- Drinking coffee can stimulate the body's fat burning cells — known as brown fat — which can lead to weight loss, according to a study conducted by the University of Nottingham.
- Until recently, brown fat — also known as brown adipose tissue — was not known to exist in adults, according to the researchers. The fat's main function is to rapidly generate body heat by burning calories.
- Michael Symonds, a professor at the School of Medicine at the University of Nottingham who co-authored the study, said in a release the next step is to confirm the component of coffee that is activating these brown fat cells is caffeine. In order to do so, the researchers are using caffeine supplements to test whether the effect on brown fat cells is similar to that of coffee.
Long gone are the days when doctors strongly advised against drinking coffee, thinking it could strain the heart and stunt growth. This was based on outdated research that often failed to factor in other lifestyle factors, such as smoking, according to Time.
Even before this new study from the University of Nottingham, coffee was riding high in public opinion with studies showing three cups of coffee daily will lower the risk of heart disease, liver disease and stroke, as well as contribute to a longer life expectancy. Another recent study found that java aficionados do not even need to consume coffee to benefit from its stimulating effects, which can focus the mind and enhance concentration.
Despite the recent accolades, coffee has never been linked to activating brown fat cells. In fact, scientists have not yet discovered why it activates these cells, according to researchers. It was not easy to conclude that coffee caused the effect. Researchers first determined stem-cells exposed to the caffeinated beverage had higher temperatures, which indicated the activation of brown fat cells. Researchers then duplicated this effect in adults through temperature monitoring, which showed after a few swallows of coffee, the clavicle area, which contains the densest population of these cells, displayed increased activity.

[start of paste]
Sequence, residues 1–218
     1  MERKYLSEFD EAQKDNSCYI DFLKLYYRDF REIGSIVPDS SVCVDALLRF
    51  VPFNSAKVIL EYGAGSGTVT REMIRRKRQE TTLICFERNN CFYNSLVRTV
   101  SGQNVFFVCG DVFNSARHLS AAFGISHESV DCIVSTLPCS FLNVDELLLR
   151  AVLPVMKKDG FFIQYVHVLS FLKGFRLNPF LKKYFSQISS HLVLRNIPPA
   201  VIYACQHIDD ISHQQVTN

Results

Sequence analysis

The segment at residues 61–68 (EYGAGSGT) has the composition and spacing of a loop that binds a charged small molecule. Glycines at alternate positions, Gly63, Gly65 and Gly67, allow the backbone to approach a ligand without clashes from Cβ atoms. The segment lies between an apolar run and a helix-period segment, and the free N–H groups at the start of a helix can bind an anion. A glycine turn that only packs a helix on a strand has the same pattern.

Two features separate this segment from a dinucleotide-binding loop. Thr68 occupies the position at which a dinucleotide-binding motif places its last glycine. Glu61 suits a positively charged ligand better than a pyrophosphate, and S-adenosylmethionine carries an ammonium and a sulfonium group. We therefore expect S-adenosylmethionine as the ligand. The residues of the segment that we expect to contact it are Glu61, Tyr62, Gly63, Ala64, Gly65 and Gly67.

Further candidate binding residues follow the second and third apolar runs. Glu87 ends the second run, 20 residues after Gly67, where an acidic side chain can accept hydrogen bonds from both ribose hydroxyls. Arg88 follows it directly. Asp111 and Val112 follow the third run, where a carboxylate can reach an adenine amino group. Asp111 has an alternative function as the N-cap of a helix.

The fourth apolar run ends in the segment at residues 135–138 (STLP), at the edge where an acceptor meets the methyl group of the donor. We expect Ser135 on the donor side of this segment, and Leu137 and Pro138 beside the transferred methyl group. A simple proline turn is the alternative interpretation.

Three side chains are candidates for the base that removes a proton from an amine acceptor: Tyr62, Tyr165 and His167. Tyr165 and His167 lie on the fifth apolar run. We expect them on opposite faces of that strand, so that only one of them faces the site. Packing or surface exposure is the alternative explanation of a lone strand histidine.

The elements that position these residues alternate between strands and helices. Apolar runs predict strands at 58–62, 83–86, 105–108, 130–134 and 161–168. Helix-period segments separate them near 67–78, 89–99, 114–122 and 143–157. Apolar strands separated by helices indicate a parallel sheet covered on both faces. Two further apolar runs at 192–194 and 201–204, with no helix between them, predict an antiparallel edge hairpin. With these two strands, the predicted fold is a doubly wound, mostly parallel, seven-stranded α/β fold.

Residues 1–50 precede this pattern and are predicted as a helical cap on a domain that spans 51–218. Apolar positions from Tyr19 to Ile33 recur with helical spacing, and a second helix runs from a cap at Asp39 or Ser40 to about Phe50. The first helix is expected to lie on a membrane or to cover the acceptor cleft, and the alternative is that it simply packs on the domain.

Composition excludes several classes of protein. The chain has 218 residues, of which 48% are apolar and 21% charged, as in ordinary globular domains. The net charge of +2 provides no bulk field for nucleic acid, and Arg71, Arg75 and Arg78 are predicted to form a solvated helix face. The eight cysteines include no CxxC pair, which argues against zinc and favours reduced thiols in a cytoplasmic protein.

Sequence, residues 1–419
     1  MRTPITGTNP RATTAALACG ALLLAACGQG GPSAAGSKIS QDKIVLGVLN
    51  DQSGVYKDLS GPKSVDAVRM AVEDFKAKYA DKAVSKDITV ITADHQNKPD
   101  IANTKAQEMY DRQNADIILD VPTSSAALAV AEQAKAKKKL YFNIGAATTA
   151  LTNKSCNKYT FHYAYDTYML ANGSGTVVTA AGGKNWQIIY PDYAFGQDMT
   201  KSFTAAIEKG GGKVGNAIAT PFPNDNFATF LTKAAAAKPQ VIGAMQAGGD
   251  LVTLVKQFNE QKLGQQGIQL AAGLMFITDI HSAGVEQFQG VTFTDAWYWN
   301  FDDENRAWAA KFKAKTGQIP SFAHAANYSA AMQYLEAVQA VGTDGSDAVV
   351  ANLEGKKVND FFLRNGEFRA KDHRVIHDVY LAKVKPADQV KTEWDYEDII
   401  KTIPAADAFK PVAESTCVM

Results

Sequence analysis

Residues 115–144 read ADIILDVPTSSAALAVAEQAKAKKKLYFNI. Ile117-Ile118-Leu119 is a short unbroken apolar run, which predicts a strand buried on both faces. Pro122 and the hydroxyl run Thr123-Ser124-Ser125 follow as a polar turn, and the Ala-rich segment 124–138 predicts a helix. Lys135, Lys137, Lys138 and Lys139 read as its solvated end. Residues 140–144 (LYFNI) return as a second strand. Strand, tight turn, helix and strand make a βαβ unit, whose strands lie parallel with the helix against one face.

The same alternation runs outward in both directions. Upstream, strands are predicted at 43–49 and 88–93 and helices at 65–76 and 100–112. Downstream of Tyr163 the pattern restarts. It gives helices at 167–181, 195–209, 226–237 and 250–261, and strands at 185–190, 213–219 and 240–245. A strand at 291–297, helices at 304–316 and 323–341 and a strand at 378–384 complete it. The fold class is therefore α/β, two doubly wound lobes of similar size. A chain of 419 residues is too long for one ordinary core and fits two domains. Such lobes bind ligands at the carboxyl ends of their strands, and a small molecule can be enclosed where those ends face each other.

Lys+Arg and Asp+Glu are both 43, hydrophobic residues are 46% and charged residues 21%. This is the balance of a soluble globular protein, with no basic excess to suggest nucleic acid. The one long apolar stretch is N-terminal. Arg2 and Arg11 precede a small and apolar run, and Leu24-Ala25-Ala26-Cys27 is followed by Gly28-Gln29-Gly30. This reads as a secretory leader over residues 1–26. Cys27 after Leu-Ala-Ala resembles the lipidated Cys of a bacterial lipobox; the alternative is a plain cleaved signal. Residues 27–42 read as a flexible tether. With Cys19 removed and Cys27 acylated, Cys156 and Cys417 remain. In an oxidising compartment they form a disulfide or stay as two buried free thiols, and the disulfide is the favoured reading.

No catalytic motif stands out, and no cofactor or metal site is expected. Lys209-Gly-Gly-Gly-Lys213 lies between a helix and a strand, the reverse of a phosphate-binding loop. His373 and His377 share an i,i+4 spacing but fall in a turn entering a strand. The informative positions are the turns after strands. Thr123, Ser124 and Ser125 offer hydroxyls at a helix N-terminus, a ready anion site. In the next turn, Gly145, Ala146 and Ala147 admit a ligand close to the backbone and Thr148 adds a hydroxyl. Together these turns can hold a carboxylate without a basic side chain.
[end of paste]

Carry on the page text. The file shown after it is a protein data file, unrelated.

Adding fat burning and potential weight loss capabilities to the laundry list of benefits associated with consuming coffee will likely be beneficial for the market. These findings can assure health-minded consumers their morning jolt of caffeine offers more advantages than just a boost. It could also expand the market to those who have yet to jump on the coffee train by repositioning the classic morning cup of joe as a functional beverage, a trendy category that is receiving increased investment.
Coffee is big business in the U.S. The country is the leading global consumer of coffee, with Americans drinking about 400 million cups per day. The high consumption of coffee translates to projected sales reaching nearly $80.9 billion in 2019, increasing at a compound annual growth rate of 4.5% through 2023, according to Statista. Seeing the growing popularity of coffee, CPG companies have not been waiting around.
Coca-Cola, J.M. Smucker and Nestlé have recently made big investments into the space. Last August, Coca-Cola announced the purchase of Costa Coffee from U.K. drinks and hotels group Whitbread. Smucker's Folgers brand introduced a high-end brand of 100% Arabica coffee, while Nestlé made a noteworthy investment in Blue Bottle, acquired Chameleon Cold-Brew, and bought the rights to sell Starbucks brand coffee in stores.
These premium coffee options offer a sense of luxury to consumers as they look for upscale options to sip at home. However, cold brew and other chilled coffees are posting the strongest growth. The segment skyrocketed 580% between 2011 and 2016, Mintel research noted.
If researchers can confirm the caffeine in coffee is activating the fat-burning brown cells, big companies investing in coffee — as well as the recent proliferation of caffeine-infused snacks and sparkling waters — could reap the benefits.